Preview: BWR Arizona, ‘The Hell of the North Desert’

A deep field of pros will race a rowdy and raucous 122 miles at the inaugural event.

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It used to be that the red clay roads of Oklahoma were pro gravel’s season-opening proving grounds, but this year the towering saguaro and spindly cholla cacti of Arizona have a one-week lead.

On March 5, Belgian Waffle Ride Arizona debuts in Cave Creek, and race director Michael Marckx has concocted his usual blend of a desirable destination, a rough and rowdy racecourse, as well as a vibrant local cycling community into what will forever be known as “The Hell of the North Desert.”

Whether it’s the allure of that special blend or a wholly obsessed group of gravel cyclists, Marckx says that “this inaugural event has attracted the deepest pro field for a BWR to date.”

The riders

The men’s field at BWR Arizona is deep and wide, with nearly two dozen of the discipline’s top riders coming to Arizona after volume-building winter training seasons around the country

Arizona snowbirds Keegan Swenson and Russell Finsterwald have definitely been putting in the miles in Tucson — expect fireworks from the duo that went 1-3 in last year’s Life Time Grand Prix.

BWR courses have been known to include singletrack or singletrack-ish sectors that challenge those whose bike handling skills aren’t up to speed. This shouldn’t be a problem — in fact, the opposite — for Durango MTB legends Howard Grotts and Christopher Blevins.

WorldTour pros turned gravel dads Alex Howes, Pete Stetina, and Kiel Reijnen will also be in attendance in Arizona, with Stetina hoping to repeat a BWR Quadrupel Crown title this year.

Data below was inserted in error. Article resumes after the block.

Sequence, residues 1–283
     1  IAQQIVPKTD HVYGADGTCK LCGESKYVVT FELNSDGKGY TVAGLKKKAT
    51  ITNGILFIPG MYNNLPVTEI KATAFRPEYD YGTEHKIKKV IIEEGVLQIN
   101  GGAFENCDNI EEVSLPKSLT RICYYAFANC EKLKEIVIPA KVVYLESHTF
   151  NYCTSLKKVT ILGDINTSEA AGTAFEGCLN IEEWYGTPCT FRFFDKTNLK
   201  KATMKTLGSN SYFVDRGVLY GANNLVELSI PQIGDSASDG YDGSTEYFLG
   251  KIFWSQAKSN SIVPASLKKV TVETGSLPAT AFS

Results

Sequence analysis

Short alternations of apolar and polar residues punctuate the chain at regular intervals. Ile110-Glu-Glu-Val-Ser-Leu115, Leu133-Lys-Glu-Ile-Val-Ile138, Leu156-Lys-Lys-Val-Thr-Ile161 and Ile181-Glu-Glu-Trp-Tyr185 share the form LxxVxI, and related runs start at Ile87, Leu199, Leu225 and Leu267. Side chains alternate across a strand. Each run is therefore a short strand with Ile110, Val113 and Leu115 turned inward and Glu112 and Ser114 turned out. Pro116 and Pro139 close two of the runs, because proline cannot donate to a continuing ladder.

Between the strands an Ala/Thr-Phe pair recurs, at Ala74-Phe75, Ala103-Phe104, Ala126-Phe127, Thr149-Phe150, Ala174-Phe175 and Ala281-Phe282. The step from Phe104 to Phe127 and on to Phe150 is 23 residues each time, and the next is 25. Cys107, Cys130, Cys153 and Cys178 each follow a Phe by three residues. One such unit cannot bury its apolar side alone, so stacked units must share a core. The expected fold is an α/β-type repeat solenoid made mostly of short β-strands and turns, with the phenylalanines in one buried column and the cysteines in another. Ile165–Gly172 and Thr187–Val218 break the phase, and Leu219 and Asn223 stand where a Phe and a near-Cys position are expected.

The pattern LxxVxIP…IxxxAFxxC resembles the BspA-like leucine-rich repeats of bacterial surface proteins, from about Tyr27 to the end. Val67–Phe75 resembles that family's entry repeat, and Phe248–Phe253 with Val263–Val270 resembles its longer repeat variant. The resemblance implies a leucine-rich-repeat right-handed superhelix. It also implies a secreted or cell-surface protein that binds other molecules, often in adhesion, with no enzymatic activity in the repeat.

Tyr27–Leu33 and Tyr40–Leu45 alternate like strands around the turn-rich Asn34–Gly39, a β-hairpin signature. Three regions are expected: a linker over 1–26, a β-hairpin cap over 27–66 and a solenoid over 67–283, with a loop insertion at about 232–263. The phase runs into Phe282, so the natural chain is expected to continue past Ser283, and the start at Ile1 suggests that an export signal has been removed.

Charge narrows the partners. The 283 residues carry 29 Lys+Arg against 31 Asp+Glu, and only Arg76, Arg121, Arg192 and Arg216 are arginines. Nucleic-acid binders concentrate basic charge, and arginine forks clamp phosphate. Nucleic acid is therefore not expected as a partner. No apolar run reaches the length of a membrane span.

Likely to join the most familiar names in breakaways and bunches, keep an eye on riders like Lance Haidet, Taylor Lideen, Ethan Overson, Alex Hoehn, Ryan Standish, Jake Magee, Tobin Ortenblad, and Griffin and Cullen Easter.

The pro women’s field in Arizona, while smaller, will also put on a show (be sure to follow the women’s race @belgianwaffleride on Instagram).

Two-time BWR Utah champion Whitney Allison will open her season at BWR; the Colorado rider’s intimate knowledge of BWR course lunacy could send her back to the podium in Arizona.

Sofia Gomez Villafañe is another of many riders who have been putting in huge training miles in Arizona this winter; she’s also got the MTB skills to make moves on the singletrack. Watch out for Alexis Skarda there and on the long sustained climbs, too.

Other notable riders to watch out for include Isabel King and Emily Newsom, followed closely by Danielle Larson, Starla Teddergreen, Hannah Shell, Lindsay Goldman, Jiri Senkyrik, and U23 XC mountain bikers Ariana Milelli and Sydney Nielson.

The course

So, first off — it snowed in Arizona on Wednesday. However, with temperatures gradually rising for the rest of the week and a race day high of 65 degrees, riders should encounter hero dirt, if not completely dry dirt, by Sunday.

Springtime desert wildflowers will be an extra bonus.

At 122 miles, the BWR Arizona Waffle course is slightly shorter than other BWR courses, but that’s not really saying anything. Neither really is the total elevation gain — while 9,000 feet is plenty, it’s the ever-changing nature of the course that will be its greatest challenge. Half of the course is unpaved and half is paved, with the unpaved sections a mix of dirt, sand, gravel, rocks, and singletrack.

Within the unpaved parts of the race, Marckx has created nine ‘unroad’ sectors. These are really best explained by the man himself in the BWR Arizona Race Bijbel; I can’t do justice to phrasing like: Heads will be spinning, and what will for sure be amazing single-track fun, the route will morph into leg burning, get-me-outta-this-mess mind games (Unroad sector #5: Schilderachtige, Dutch for picturesque)

Seriously, check out the Bijbel for a glimpse into the mind of a … special kind of event director. In addition to interpretive information about the area’s natural features, this race manual-on-steroids also contains helpful tips like ‘how to remove cactus spines from your perforated body.’

On course, there are three Queen/King of the dirt, sprint, and mountain segments and five feed zones. A series of steep, paved climbs with pitches of up to 20 percent greet riders at the end of the race, after which they return to the event venue for waffles and beer.


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